With an impressive commitment to user privacy and choice, ZPN offer an unusually high-quality VPN service for free – and their paid-for options are even better.
Pricing & Plans
There are four ways to use ZPN, and two of them are completely free:
Firstly, on a mobile device using the Android client, you have the option to use the VPN on an hourly basis without any need to register with ZPN. This limits you to two locations and disconnects you after an hour but does its job very well – it’s appropriate that it’s called Easy Connect.
Secondly, there’s the option to use the service for free on any device, subject to registering with ZPN and a 10GB monthly data transfer limit. Bandwidth is also restricted, but you have access to three more locations than with the hourly Easy Connect option. Peer-to-peer traffic is disabled for users of either free service.
For users wanting the full ZPN service, there are two more options:
The ‘Mobile’ subscription allows the use of the service on only one device with a 50GB data transfer limit, but all 20+ VPN locations are available, and there’s no restriction on the use of P2P. This is the cheapest way to purchase ZPN, with a yearly subscription working out as little as $1.99 per month.
Finally, there’s the full-on ‘Premium’ subscription. Purchasing this on a recurring monthly basis will cost you $5.99 per month, but this is cheaper if you pay annually. Plus it allows up to five simultaneous connections, and there are no limits on data transfer or bandwidth.
Payment can be made by BitCoin as well as PayPal or credit card, offering the opportunity for a high level of anonymity if desired. Impressively given the level of free service they offer, there’s also a full satisfaction 7-day money-back guarantee when users take the plunge and buy a subscription.
ZPN is operated by Vostok Soft FZC and is headquartered in the United Arab Emirates – more on this below. It provides access to 272 VPN servers across more than 20 locations across the globe, and users of the full Premium service are permitted up to five simultaneous connections. ZPN also operate a built-in firewall on all active VPN connections, adding extra security and stability to their service. For example, this allows them to actively prevent its use for things like distributed denial of service (DDoS) attacks.
Security & Privacy
ZPN are serious about transparency and user choice as well as security, and this is reflected in their protocol provision. Rejecting PPTP as too insecure, they do offer L2TP connections, but rightly major on OpenVPN with the option of adding SSL on top for an extra layer of security and complexity. What’s more, they provide a web interface for selecting, in detail, the precise level of security you require as a registered user. This ranges from the OpenVPN default setting of BlowFish-128, to the very strong AES-256 cipher. Hash authentication can be handled by SHA1 or MD5, and handshaking goes up to RSA-2048. This is an excellent level of security, and the SSL option also makes it easier to circumvent restrictions on OpenVPN usage in certain countries.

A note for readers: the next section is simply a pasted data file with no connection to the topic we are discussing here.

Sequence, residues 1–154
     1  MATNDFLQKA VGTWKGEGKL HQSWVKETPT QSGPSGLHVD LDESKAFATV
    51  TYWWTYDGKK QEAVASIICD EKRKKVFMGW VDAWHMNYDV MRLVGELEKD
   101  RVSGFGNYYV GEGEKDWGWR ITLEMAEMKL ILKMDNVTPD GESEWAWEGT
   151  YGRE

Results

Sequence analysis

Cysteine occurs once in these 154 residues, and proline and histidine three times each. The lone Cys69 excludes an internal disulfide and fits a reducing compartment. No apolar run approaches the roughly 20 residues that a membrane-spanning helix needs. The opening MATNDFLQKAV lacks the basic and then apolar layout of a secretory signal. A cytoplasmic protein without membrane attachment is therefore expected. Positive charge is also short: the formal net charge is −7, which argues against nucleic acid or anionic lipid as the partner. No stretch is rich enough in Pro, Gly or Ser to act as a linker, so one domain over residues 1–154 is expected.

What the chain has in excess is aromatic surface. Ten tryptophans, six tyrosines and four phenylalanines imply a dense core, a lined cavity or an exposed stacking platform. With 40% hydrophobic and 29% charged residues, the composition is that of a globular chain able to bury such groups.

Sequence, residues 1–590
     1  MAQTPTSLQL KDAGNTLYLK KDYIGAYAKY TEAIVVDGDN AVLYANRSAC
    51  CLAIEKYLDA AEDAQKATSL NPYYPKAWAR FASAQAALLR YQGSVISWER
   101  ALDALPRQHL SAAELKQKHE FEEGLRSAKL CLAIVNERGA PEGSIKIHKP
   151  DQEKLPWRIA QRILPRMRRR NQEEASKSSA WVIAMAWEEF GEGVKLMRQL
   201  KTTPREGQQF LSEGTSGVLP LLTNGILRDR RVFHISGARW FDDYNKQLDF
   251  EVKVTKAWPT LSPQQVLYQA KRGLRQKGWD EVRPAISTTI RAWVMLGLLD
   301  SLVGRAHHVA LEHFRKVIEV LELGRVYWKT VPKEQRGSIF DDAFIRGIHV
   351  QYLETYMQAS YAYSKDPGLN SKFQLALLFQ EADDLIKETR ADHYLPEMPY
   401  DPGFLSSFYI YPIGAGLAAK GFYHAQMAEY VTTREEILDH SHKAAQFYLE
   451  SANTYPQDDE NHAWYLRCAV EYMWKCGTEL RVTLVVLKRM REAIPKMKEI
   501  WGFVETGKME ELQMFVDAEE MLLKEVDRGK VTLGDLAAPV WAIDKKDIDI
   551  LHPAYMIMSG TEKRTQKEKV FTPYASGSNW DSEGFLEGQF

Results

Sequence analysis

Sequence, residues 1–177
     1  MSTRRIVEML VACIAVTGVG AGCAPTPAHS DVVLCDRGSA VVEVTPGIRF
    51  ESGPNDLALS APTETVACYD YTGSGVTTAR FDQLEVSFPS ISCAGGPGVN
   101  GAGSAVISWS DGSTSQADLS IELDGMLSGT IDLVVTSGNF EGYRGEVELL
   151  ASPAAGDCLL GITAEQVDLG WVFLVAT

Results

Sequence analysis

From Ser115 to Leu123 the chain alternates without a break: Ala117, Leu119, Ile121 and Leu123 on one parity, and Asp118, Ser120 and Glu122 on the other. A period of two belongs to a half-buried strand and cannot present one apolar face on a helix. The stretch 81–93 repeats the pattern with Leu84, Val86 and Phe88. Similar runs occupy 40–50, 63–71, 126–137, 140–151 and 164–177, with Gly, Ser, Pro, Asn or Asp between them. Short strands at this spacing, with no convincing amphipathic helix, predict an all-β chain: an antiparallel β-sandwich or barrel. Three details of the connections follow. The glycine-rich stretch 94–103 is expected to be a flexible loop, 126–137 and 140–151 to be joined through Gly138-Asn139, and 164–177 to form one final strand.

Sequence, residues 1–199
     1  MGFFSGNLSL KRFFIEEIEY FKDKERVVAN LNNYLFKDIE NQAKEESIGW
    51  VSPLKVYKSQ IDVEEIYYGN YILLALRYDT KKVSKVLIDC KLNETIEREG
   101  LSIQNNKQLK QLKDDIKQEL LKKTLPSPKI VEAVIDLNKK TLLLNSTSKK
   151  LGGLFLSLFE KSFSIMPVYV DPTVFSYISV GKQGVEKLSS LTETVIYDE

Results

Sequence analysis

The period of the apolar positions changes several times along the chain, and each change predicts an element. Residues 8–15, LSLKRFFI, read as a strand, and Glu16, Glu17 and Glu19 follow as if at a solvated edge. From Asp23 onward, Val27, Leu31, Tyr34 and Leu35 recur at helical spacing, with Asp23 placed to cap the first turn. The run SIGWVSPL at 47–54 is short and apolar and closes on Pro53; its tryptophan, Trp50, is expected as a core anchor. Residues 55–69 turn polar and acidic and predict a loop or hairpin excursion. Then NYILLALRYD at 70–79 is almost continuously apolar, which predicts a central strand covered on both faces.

Despite being based in the UAE – a country hostile to VPN users – ZPN is not subject to any legal restrictions as an operator of VPN servers based outside the country. They’re honest and forthcoming about the status of VPNs in the UAE on their blog, and we can confirm that what they’ve written about the legal situation of VPN use is consistent with other independent Internet sources. It’s an odd situation, but the upshot for users of ZPN is that they shouldn’t expect any interference from the jurisdictional government.
ZPN also have a largely logless policy: for free users, bandwidth logs are kept to keep track of service limitations, but for Premium users no logs are kept whatsoever. This also means there is nothing for ZPN to share with authorities should a jurisdictionally appropriate legal request be made.
All of the above make ZPN a very secure VPN indeed, and users can expect a high standard of privacy and anonymity.
Also on the website is a regularly-updated blog featuring posts on a variety of topics. A quick scroll through reveals a post about the legal situation around VPN use in Dubai, a special offer for users of web forums, and a few guides to using the VPN for practical purposes.
ZPN’s only form of personal support is through web-based tickets, open to anyone who’s registered on the website. We found the system easy to use, and we never had to wait more than a few hours for a polite, detailed and helpful response: While we initially had issues getting the advertised level of encryption over a third-party OpenVPN client, support were able to identify and fix the issue within a few hours. While this is functional, it’d be nice to see more options for live support, and even the facility to append files to tickets would be an improvement. We were also a bit confused to see our ticket history mysteriously disappear mid-way through a conversation with support – thankfully it was still possible to reply by email.